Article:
Zhenhua Data Leak: Is China eyeing Australian technology?
Canberra-based cybersecurity firm Internet 2.0 says the Chinese were interested in space, nuclear technology, and quantum computing
Earlier this month, a data leak revealed that a Shenzhen-based company, Zhenhua Data Information Technology, was monitoring 2.4 million people globally, including more than 35,000 Australians. It created a feeling of fear and apprehension among people that no one is safe on the internet, especially the technology companies in Australia.
Founder of Australia-based space-tech company Gilmour Space Technologies Adam Gilmour told India News Network, “I’m sure the Chinese are interested in us because we have launch technology. We have been targeted for years.”
“Every time we make a decent press release our online attack attempts go up a lot,” he added.
The Zhenhua leaked database, collectively called Overseas Key Information Database (OKIDB), revealed the footprints of the Chinese company eyeing Australian technology, and Gilmour Space Technology was one of the names in the database, as reported by Australian Broadcast Corporation(ABC).
After the data leak, Canberra based cybersecurity firm Internet 2.0 recovered the records of 2,50,000 people including 35,000 Australians. The Chief Executive Robert Potter, while shedding light on the nature of the Australian companies targeted as per the database, said, “For Australia, it was space, nuclear technology, and quantum computing.”
Potter, however, did not name specific companies targeted in the database citing legal reasons.
“As for specific companies that have been successfully attacked, that’s a rather sensitive list. There are several American legal cases that mention types of companies. We’ve generally followed this practice rather than naming individuals. However, there have been a lot of companies attacked here,” he said, responding to questions from India News Network via email.
Asked if the Chinese are eyeing the Australian technology, specifically in regards to Gilmour Space Technologies’ name in the database, Potter said, “It makes sense as they would definitely be a target.”
Potter said that there was a significant amount of collection within the OKIDB system which indicates that mapping intellectual property data was a major focus of Zhenhua Data.
American Professor Christopher Balding who handed over the OKIDB data to Internet 2.0 for research and decoding believes that the threat of surveillance and monitoring of foreign individuals by China is “very real.”
Balding, who has recently left China citing security reasons, said in a statement, “The threat of surveillance and monitoring of foreign individuals by an authoritarian China is very real. Open liberal democratic states can no longer pretend these threats do not exist. Today’s database is compiled primarily from open sources, other databases China holds present much greater risks to Chinese and foreign citizens.”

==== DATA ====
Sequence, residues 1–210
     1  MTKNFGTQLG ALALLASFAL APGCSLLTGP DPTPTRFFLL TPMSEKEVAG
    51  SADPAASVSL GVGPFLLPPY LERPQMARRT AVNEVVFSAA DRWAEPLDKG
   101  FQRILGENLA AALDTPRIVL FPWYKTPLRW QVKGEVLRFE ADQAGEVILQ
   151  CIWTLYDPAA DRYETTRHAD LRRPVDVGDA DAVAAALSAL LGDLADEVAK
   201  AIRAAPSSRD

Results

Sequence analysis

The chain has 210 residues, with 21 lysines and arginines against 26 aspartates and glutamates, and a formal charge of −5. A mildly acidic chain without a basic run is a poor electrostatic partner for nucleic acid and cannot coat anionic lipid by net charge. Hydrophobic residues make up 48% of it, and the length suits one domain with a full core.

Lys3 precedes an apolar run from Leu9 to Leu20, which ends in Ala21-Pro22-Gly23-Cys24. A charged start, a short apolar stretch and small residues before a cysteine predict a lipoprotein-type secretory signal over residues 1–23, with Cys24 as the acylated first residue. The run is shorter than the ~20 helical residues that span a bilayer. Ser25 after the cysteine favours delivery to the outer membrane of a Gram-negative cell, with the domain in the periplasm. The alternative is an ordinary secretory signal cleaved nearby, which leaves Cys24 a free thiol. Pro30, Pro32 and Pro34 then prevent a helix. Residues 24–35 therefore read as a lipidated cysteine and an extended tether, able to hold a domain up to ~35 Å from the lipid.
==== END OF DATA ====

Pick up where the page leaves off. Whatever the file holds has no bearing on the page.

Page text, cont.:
But the problem is that China lives in a bubble and always denies charges of any global threat it imposes. Asked whether the governments should deal with the Chinese side with greater restrictions, as recently done by the US and India, Potter said, “For everything that is denied in China, there will be someone like Wang Xuefeng bragging about doing it. The key is to set standards collectively as partner countries and then to impose costs on companies that break the rules.”
After the Zhenhua data leak case came to light, the fear of not being safe on the internet was created among individuals as the data involved names of prominent personalities like British Prime Minister Boris Johnson and even people who do not have any online presence.
However, as the ancient Chinese believed in the concept of Yin and Yang, we too believe in the concept of coexistence of good and bad. For every company threatening the online presence of individuals and businesses, there will be a cybersecurity company fighting for a good cause, Potter reiterated.
Asked whether it is safe to use the internet, Potter said, “Everything is about managing risk. There is no perfect solution and it will always be a race between good guys and bad guys.”
As Gilmour said that they look forward to strengthening their cybersecurity, Potter recommends implementing The Essential Eight mitigation strategies that can be accessed here: https://www.cyber.gov.au/acsc/view-all-content/essential-eight/essential-eight-explained.
Internet 2.0, which dedicated two months to recover the data of the Zhenhua leak, deserves credit for its work. The company is currently working on making the internet safer for use.
“We are presently building a more encrypted and private version of the internet. We presently mostly use this for Government but we have started bringing corporate customers onto this platform,” the company CEO added.